• Kirk
    2019-06-05 01:52

    This is our next selection for Thursday, and I'm excited. I love this book so much, both for the depiction of setting and for the characterization. I have a feeling it'll go over well; the students loved both IN OUR TIME and THE OLD ORDER, and Steinbeck has many of the same characteristics. I've already expressed my feelings for "The Red Pony" here, but there's also the classic "The Chrysanthemums" (which I adore even if I can't always spell the title correctly), the underappreciated "Flight," the Freudian "The Snake," and the proletariat "The Raid." The stories are taut and (for a modernist) heavily plotted, but there is a beauty in the style that Steinbeck doesn't always get credit for. I was fortunate enough to tour many of the sites in these stories last August when I was invited to speak at a Steinbeck conference, and I admired Steinbeck's fidelity to the landscape.

  • Tony
    2019-06-11 02:44

    Steinbeck, John. THE LONG VALLEY. (1938). ****. This is a collection of the author’s short stories grouped under this title. It contains thirteen stories which take place in and around the Salinas Valley. If you have ever picked up short story anthologies, you will recognize several of these pieces as being the usual suspects. The stories deal with incidents in the lives of the average farmer or rancher (with the exception of “The Snake”) and try to depict life as it was lived at the time. The most famous story in this collection is probably “The Red Pony.” I’ve rented the film which I haven’t seen for twenty years or so. All of the stories are memorable. They will stay with you for a long time. Recommended.

  • jeremy
    2019-06-05 03:04

    a collection of steinbeck's early stories, the long valley is considerably different than his later works, but still contains many of the elements that would make his writing so unique. these stories move at a slower pace than his novels, focusing more on the quiet rhythms of the landscape and the people that inhabit them, rather than the conflicted moralities that mark his epic tales. the stories differ quite a bit from one another, and read as if steinbeck was still exploring varying styles. some of the more outstanding ones in the long valley include "flight," "the snake," "the murder," and, of course, "the red pony."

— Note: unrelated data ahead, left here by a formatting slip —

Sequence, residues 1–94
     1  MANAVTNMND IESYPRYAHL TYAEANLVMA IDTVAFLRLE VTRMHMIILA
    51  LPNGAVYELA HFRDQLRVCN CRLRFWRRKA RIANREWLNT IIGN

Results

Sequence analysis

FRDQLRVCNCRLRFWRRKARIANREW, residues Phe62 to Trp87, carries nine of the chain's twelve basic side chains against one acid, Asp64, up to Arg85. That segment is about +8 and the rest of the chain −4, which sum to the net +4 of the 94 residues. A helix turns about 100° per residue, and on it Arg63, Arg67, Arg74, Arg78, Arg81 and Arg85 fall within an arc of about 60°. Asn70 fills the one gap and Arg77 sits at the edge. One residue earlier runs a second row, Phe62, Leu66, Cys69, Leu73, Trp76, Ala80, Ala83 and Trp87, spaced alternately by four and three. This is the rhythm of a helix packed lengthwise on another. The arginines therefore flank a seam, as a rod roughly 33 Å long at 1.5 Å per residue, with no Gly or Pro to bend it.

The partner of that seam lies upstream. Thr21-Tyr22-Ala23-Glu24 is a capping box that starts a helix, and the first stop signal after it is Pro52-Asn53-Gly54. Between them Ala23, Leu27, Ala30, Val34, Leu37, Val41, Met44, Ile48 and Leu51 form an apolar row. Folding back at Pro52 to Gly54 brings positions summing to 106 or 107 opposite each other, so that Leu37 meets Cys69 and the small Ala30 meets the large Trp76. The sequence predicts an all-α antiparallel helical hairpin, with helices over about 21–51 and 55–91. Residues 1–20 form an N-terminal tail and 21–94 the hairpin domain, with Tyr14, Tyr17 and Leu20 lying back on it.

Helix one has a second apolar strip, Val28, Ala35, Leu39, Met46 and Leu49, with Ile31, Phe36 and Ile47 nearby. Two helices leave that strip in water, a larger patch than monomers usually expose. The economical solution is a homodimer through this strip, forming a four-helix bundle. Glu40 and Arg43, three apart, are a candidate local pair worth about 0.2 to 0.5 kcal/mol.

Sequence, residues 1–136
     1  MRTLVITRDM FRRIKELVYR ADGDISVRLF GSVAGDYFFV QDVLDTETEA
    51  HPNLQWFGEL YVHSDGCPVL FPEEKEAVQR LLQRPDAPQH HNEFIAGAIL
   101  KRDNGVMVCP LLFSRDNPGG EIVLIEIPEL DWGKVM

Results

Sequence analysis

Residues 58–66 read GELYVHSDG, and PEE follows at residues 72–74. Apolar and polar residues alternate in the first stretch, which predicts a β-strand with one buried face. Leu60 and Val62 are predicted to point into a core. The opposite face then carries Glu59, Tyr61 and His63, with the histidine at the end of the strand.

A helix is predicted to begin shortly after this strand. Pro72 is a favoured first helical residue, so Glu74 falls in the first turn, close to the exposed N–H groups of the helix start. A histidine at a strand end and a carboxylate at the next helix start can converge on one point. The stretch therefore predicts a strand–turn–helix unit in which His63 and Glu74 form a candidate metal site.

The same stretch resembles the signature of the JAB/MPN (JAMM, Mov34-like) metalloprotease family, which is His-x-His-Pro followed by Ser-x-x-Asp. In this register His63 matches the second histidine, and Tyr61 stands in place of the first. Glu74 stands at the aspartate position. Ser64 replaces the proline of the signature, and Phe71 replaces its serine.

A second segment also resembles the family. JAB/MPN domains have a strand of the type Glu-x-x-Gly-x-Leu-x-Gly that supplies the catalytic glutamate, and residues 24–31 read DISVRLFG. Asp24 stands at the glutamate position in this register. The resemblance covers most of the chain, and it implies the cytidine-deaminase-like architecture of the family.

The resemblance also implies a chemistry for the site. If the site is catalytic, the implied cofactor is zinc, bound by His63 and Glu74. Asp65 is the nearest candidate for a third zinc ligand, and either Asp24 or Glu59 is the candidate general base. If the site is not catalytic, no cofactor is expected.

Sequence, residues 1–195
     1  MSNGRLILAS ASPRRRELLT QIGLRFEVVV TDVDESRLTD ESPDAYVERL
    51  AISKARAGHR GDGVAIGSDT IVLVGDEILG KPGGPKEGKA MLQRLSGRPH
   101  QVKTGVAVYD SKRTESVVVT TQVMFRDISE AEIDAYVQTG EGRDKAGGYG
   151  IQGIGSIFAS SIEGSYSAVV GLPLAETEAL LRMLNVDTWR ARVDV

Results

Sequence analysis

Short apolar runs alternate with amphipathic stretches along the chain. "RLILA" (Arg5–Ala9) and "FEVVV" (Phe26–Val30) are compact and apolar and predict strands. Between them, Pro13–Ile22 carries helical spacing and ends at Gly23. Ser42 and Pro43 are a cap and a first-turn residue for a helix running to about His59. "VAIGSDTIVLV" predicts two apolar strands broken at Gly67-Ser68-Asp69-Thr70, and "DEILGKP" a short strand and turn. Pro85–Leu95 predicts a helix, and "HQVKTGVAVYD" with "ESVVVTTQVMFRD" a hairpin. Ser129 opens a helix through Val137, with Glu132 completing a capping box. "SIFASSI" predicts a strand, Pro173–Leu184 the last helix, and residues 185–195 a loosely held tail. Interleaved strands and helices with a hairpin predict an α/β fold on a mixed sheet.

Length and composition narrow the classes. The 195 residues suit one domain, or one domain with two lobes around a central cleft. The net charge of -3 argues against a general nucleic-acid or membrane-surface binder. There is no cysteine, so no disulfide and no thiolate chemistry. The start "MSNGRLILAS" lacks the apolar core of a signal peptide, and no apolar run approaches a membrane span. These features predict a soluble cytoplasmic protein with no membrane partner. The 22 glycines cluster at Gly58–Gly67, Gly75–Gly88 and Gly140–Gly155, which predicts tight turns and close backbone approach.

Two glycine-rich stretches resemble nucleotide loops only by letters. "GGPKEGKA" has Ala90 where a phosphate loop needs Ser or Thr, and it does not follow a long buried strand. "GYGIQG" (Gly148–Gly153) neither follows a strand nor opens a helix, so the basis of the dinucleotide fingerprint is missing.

• Corinne
    2019-05-30 04:06

    Absolutely marvelous collection of short stories! Themes are not always easy to pinpoint, but the details and the story dynamics show the hand of a true master. He wrote this before he wrote the ‘Grapes of Wrath’, and you can even find one scene from that novel as a short story in this collection! In any case, I liked it a lot better than his ‘East of Eden’ and ‘The winter of our discontent’. Grapes of Wrath, of course, remains his masterpiece, due to the potent theme that shows what penury can do to human dignity. He showed this for the migrant workers, but we can see that everywhere today, among the bankers, the consultants, even the players of the publishing sector.

  • Angie
    2019-06-11 00:06

    What can I say about Steinbeck that hasn't already been said (and as eloquently stated, too)?"He wished he could have been living in the heroic time, but he knew he was not of heroic timber. No one living now, save possibly Billy Buck, was worthy to do the things that had been done. A race of giants had lived then, fearless men, men of a staunchness unknown in this day. Jody thought of the wide plains and of the wagons moving across like centipedes. He thought of Grandfather on a huge white horse, marshaling the people. Across his mind marched the great phantoms, and they marched off the earth and they were gone."

  • Kevin
    2019-06-25 23:06

    This is a choice collection of Steinbeck's short stories. I enjoyed them very much, both in the stories and in the telling. This collection also includes The Red Pony stories, which i had already read. Reading them a second time helped reveal to me their special nature, parts i missed the first time through. I definitely recommend this collection!

  • Erin
    2019-06-18 22:59

    In the end as long as there are no women in the stories I think that Steinbeck may be an astute observer of his time. However if there is a woman in the story then all of his misogyny comes pouring out. Even Hemingway loved women more than Steinbeck did.